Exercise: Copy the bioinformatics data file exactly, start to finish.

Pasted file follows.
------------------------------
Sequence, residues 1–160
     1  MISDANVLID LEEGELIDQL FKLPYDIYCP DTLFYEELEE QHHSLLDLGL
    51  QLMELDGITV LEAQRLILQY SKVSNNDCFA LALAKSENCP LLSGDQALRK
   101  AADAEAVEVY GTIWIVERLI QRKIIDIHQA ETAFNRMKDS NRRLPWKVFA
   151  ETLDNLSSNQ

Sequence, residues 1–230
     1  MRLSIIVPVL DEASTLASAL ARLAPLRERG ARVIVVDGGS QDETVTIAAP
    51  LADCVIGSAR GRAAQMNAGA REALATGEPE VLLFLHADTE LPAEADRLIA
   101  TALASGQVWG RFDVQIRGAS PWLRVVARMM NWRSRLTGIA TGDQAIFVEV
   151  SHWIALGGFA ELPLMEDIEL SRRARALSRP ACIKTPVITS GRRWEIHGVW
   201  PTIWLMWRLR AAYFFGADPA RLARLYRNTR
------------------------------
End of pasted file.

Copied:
Sequence, residues 1–160
     1  MISDANVLID LEEGELIDQL FKLPYDIYCP DTLFYEELEE QHHSLLDLGL
    51  QLMELDGITV LEAQRLILQY SKVSNNDCFA LALAKSENCP LLSGDQALRK
   101  AADAEAVEVY GTIWIVERLI QRKIIDIHQA ETAFNRMKDS NRRLPWKVFA
   151  ETLDNLSSNQ

Sequence, residues 1–230
     1  MRLSIIVPVL DEASTLASAL ARLAPLRERG ARVIVVDGGS QDETVTIAAP
    51  LADCVIGSAR GRAAQMNAGA REALATGEPE VLLFLHADTE LPAEADRLIA
   101  TALASGQVWG RFDVQIRGAS PWLRVVARMM NWRSRLTGIA TGDQAIFVEV
   151  SHWIALGGFA ELPLMEDIEL SRRARALSRP ACIKTPVITS GRRWEIHGVW
   201  PTIWLMWRLR AAYFFGADPA RLARLYRNTR